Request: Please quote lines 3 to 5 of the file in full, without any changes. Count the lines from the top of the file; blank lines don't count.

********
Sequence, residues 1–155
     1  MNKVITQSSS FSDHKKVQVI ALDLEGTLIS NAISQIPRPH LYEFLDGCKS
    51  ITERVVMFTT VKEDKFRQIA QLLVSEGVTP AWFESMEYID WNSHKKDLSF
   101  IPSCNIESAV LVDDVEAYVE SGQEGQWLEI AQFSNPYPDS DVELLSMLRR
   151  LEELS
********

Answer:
    51  ITERVVMFTT VKEDKFRQIA QLLVSEGVTP AWFESMEYID WNSHKKDLSF
   101  IPSCNIESAV LVDDVEAYVE SGQEGQWLEI AQFSNPYPDS DVELLSMLRR
   151  LEELS